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Although the United States did not enter World War I until 1917, Americans were already playing a role in the fighting in Europe as members of the Lafayette Flying Corps. This brave group of Americans flew with the French. After the U.S. entered the war, many of them transferred over to the Air Service and helped train and lead the Americans who flew in Europe as part of the American Expeditionary Force. The National Museum of the United States Air Force has an outstanding collection of World War I era aircraft. Americans flew primarily French, British and Italian aircraft. German aircraft are also on display.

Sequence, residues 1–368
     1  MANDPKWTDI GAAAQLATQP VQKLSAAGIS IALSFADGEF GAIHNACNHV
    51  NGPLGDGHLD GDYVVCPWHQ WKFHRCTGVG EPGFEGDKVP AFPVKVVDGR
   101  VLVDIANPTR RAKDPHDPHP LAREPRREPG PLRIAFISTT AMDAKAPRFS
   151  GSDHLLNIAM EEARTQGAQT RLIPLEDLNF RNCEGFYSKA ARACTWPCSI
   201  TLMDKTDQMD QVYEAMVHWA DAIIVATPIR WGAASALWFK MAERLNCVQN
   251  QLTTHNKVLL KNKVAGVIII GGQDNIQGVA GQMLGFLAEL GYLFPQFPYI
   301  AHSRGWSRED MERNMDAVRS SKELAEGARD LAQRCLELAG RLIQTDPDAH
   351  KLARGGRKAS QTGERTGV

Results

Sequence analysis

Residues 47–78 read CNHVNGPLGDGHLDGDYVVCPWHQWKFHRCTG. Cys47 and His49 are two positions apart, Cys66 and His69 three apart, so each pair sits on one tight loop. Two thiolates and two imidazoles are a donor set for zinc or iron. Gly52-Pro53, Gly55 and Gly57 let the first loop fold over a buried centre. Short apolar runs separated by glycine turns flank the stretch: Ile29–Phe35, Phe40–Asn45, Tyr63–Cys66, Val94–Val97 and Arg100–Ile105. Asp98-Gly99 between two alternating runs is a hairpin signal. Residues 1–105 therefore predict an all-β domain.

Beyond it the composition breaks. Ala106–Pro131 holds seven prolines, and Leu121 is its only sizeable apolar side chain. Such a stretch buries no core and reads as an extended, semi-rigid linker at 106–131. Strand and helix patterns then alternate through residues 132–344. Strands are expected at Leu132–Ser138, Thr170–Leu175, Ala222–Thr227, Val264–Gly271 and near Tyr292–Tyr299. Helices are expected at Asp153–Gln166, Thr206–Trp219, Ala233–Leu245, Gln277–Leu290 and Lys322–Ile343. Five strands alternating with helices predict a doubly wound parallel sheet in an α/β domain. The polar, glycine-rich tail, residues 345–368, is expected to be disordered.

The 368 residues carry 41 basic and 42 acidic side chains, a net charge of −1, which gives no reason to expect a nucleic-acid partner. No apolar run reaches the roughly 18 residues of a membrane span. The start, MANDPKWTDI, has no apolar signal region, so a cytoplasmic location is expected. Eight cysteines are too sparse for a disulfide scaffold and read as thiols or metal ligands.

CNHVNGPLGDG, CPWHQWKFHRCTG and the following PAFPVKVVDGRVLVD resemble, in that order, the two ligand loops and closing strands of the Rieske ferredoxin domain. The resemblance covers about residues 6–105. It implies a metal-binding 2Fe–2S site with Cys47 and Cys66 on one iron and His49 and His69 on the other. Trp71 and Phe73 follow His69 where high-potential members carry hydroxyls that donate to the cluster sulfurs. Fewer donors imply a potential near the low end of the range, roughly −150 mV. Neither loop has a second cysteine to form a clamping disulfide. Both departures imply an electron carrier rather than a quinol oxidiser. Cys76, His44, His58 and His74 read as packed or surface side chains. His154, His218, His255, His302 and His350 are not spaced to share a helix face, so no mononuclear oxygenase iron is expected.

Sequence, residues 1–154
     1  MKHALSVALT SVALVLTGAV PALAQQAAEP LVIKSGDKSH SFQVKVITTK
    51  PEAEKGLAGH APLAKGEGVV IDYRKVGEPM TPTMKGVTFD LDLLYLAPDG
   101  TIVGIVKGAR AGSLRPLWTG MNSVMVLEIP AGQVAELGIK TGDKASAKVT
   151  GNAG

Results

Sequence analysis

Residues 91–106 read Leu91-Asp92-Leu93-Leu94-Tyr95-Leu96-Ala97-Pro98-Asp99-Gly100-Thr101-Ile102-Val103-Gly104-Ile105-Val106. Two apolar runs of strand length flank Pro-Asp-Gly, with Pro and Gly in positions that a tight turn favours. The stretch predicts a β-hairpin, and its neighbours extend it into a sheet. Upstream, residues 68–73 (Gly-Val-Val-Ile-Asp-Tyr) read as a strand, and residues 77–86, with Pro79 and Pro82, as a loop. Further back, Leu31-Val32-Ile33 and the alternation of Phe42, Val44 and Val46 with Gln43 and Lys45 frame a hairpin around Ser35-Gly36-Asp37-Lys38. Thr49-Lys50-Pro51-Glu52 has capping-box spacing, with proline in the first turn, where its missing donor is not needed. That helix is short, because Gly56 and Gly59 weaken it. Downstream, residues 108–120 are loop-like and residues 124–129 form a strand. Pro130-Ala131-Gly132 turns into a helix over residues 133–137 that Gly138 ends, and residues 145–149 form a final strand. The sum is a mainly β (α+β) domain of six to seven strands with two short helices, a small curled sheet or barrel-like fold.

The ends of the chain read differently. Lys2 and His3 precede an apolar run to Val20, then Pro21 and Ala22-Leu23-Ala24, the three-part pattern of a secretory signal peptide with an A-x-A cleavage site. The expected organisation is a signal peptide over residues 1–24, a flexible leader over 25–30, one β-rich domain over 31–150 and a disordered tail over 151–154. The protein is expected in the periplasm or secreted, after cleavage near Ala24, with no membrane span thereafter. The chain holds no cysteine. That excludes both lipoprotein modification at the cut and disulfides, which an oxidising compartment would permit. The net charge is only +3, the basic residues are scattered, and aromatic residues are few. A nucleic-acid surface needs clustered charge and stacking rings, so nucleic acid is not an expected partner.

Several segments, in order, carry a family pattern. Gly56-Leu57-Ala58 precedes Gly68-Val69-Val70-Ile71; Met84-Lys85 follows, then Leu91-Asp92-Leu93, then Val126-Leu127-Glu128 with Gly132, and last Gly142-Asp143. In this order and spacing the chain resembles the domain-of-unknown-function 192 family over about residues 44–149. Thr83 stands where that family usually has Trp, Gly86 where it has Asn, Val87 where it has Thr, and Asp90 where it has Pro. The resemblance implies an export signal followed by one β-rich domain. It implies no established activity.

The U.S. Army Air Service did not become heavily involved in air combat until 1918, the last year of the war. Although the U.S. participation in the war was relatively short compared to the European Allies, it still made major contributions to victory.
The DeHavilland DH-4 (below)was a British designed observation and bomber aircraft that the United States selected to mass produce for the war effort. It became the only U.S. produced aircraft to see combat in Europe during WWI.